Ransoms can cost anywhere from a few thousand to a few million dollars depending on how much the victim’s data is worth to attackers, but the costs to recover that data and lost sales often appear to outweigh the ransom price. Ransomware operators take advantage of the fear and panic and make ransoms appear as if they are the best way out of the situation. Many businesses will choose to pay the ransom, if the price is right, to avoid the hassle of recovery. If ransomware is ever to be stopped, ransom payments must stop also. Ransomware only runs rampant when there is profit to be made.
In late December 2019, the US Coast Guard was hit by Ryuk Ransomware, and critical information technology systems were shut down for over 30 hours. The suspected point of entry for the attack was thought to be a phishing email. EWA (Electronic Warfare Associates) was attacked by Ryuk in January as well. Evidence of the attack and encryption of web servers could be seen on company websites, which appeared as mostly gibberish, since the information had been encrypted. In February 2020, a Ransomware attack shut down a natural gas compression facility for two days, prompting the US Department of Homeland Security CISA (The Cybersecurity and Infrastructure Security Agency) to post an official alert. LaSalle County, Illinois was hit by a ransomware attack in late February that shut down 200 computers and 40 servers across several departments of government. These are only a fraction of the ransomware attacks that have occurred in the past few months. Planning for cyber-emergencies is just as important as planning for physical ones, and it’s more important than ever as ransomware operators try scary new tactics to get paid.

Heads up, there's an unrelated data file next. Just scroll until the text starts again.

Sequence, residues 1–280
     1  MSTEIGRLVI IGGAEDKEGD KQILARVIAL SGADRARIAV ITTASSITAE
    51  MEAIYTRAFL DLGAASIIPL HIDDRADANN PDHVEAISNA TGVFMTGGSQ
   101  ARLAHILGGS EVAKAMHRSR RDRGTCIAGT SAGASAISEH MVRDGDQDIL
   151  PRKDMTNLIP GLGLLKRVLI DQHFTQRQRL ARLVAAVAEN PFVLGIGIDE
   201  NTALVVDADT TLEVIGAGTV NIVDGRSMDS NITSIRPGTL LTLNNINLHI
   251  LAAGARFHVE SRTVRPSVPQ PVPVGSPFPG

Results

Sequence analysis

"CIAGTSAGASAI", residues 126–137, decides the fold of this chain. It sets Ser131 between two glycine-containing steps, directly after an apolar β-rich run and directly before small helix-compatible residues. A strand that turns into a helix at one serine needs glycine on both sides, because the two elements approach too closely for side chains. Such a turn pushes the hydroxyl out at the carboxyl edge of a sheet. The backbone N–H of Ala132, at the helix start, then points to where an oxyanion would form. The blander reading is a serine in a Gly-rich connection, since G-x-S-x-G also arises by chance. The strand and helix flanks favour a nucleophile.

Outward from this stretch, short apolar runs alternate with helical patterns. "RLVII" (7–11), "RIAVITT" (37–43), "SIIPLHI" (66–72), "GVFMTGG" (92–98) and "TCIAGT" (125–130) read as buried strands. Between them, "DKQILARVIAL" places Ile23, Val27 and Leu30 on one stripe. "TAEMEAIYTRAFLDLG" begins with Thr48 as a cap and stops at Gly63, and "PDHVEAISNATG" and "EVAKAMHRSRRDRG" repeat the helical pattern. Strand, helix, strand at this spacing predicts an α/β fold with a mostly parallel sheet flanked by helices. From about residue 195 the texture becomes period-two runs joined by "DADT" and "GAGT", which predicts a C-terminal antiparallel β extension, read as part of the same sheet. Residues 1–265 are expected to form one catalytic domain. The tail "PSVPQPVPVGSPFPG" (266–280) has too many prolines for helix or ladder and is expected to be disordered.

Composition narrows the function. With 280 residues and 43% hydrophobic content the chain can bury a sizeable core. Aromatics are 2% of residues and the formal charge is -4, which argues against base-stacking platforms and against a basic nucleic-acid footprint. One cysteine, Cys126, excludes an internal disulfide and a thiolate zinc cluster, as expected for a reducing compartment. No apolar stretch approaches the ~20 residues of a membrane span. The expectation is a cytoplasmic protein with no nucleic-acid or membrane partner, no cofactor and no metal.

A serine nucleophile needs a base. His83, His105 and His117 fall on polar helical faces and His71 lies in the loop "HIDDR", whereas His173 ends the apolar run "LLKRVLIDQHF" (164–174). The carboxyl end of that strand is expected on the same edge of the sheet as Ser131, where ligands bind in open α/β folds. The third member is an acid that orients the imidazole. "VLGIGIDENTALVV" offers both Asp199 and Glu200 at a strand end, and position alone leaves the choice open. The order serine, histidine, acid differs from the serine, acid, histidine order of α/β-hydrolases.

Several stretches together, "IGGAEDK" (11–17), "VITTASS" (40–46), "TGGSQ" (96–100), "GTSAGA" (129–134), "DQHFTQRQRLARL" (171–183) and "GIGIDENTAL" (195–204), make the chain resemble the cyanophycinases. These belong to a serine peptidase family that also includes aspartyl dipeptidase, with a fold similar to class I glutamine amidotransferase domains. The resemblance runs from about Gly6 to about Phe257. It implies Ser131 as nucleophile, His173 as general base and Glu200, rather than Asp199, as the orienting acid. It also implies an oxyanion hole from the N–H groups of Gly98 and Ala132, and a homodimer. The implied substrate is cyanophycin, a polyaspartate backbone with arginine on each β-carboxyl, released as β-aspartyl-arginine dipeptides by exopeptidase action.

Ransomware Attacks are Becoming Data Breaches